Archive - Aug 2011 - News Article
ST. MARYS - Many residents of Elk County felt tremors from an earthquake that originated in Virginia at about 1:50 p.m. on Tuesday afternoon.
A seismometer housed in the administrative building at Penn State DuBois recorded readings from the 5.8 magnitude earthquake, whose epicenter was in Mineral, Va., a small town about about 90 miles southwest of Washington, D.C.
As Dickinson Center, Inc. (DCI) continues its efforts to provide area youth with appropriate services pertaining to suicide prevention, a recent $92,000 grant from the AJ and Sigismunda Palumbo Charitable Trust will ensure that these programs continue in the near future.
Students throughout Elk and Cameron counties' middle and high schools will benefit from the grant money, which is being utilized to fund the organization's Signs of Suicide Prevention Program (SOS).
According to statistics gathered over the years, motor vehicle crashes are the leading cause of deaths for children ages 2 through 12 in the United States; every year, thousands of children are tragically injured or killed in motor vehicle traffic crashes.
The Elk County Commissioners yesterday adopted a proclamation declaring Sept. 18-24 as Child Passenger Safety Week.
Watershed specialist Kim Bonfardine has begun deploying data loggers into watersheds to gather baseline data for the Elk County Monitoring Project.
"At this time, five data loggers are deployed, with the sixth going in-stream [today]," Bonfardine said during Monday night's Elk County Conservation District meeting.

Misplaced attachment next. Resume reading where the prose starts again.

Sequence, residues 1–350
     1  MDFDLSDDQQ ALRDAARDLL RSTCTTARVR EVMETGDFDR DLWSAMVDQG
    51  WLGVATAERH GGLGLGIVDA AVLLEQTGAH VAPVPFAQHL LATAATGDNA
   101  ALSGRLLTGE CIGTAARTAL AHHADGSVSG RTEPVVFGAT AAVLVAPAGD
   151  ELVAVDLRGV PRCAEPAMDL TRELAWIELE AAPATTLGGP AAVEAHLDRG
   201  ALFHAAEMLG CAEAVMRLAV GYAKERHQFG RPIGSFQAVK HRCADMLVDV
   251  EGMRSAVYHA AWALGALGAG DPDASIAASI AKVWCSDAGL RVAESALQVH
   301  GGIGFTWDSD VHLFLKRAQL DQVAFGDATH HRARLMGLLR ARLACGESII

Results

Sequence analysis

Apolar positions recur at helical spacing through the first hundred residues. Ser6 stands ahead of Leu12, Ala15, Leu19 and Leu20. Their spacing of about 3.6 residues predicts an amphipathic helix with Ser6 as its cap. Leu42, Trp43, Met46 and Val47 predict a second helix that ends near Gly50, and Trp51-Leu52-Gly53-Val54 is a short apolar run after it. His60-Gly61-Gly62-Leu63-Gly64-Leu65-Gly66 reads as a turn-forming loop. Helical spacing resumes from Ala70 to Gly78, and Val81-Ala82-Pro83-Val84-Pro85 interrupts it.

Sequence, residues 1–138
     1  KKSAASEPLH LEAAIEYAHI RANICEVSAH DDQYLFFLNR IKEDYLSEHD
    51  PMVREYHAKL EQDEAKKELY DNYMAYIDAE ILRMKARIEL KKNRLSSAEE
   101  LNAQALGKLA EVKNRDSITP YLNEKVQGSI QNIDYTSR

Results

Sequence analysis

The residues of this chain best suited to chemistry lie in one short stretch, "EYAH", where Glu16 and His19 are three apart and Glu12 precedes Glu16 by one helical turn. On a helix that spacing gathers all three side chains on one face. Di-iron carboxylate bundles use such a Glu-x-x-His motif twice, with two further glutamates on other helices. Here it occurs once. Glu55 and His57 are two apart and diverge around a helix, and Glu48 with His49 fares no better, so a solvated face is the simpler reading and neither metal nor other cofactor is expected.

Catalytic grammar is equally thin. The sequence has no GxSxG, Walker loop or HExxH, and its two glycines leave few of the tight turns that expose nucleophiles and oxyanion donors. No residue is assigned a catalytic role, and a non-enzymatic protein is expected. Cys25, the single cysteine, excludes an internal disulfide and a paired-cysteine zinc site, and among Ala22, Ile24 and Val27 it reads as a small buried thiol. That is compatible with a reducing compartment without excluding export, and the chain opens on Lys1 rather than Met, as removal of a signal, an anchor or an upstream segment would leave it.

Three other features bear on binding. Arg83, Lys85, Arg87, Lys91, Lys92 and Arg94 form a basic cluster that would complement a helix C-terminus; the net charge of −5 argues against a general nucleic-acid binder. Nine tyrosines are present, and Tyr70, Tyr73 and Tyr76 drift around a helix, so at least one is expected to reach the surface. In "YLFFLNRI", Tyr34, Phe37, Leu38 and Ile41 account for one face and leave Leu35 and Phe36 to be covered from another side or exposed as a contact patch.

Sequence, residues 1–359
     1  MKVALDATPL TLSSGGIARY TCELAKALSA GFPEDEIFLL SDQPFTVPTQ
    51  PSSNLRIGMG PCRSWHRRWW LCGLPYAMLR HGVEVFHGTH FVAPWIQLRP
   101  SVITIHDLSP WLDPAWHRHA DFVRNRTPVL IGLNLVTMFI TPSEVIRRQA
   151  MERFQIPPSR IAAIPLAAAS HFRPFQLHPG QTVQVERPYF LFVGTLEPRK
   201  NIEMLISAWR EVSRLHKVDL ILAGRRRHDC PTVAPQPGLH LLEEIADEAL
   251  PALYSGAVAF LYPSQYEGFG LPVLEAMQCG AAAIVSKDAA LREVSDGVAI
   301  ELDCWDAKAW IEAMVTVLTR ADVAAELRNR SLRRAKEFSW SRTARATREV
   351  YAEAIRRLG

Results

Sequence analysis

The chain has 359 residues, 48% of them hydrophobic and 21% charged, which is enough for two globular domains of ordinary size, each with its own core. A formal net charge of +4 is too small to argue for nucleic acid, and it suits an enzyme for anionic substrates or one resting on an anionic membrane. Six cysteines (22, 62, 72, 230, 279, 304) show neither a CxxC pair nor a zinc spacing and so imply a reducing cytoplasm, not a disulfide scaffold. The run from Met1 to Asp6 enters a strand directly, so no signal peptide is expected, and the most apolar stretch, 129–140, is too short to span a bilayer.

A number of studies have shown that having a pet can help lower a person's stress and improve their mental health outlook. One form of therapy that has been in existence for some time, but is new to the area, uses dogs in a therapeutic setting to assist clients in achieving mental health goals.
The First United Methodist Church's newly constructed pavilion is located on an immaculate, arboreal, 13-acre property just off of South Michael Road in St. Marys.
The pavilion, which will be available for rental to the public, can seat between 260 and 275 people and includes a stone fireplace, kitchen, handicap-accessible restrooms, a two-stall indoor garage, parking lot, utility room and electric outlets.
A memorial tree was planted Sunday at the Kane Armory along Chestnut Street to honor Staff Sgt. Kenneth VanGiesen, a Kane native who was killed July 18 while serving in Afghanistan with the Pennsylvania Army National Guard.
A bronze plaque honoring the soldier was installed at the base of the tree.
"The tree is something that will always remind us of him," Lt. Drew Campbell said during the ceremony. "We wanted to do something unique because he was unique. His life may have ended, but the tree will continue to grow in his memory."
A parking committee consisting of city councilmen Bob Roberts and Steve Skok and City Manager Dave Greene recently held its second meeting with area residents to discuss proposed changes to parking in the downtown area as the parking garage being constructed downtown is nearing completion.
At Thursday's meeting of the Jay Township Supervisors, both residents and officials shared their growing frustration and anxiety over a recent spate of theft and vandalism involving traffic and street signs.
Supervisor Murray K. Lilley said the theft of signage is costing the township a fortune. He estimated the cost of replacing a single stolen or vandalized sign at $250.
The Thursday night Jay Township Supervisors meeting began with an exchange over freedom of information, with attendees defending their right to record such proceedings.
At Thursday's meeting, two attendees had handheld dictaphones and one had a video camera.
Supervisors said they were upset that information from a previous "special" insurance meeting on Aug. 5, 2011 had appeared in an area newspaper as well as on the internet.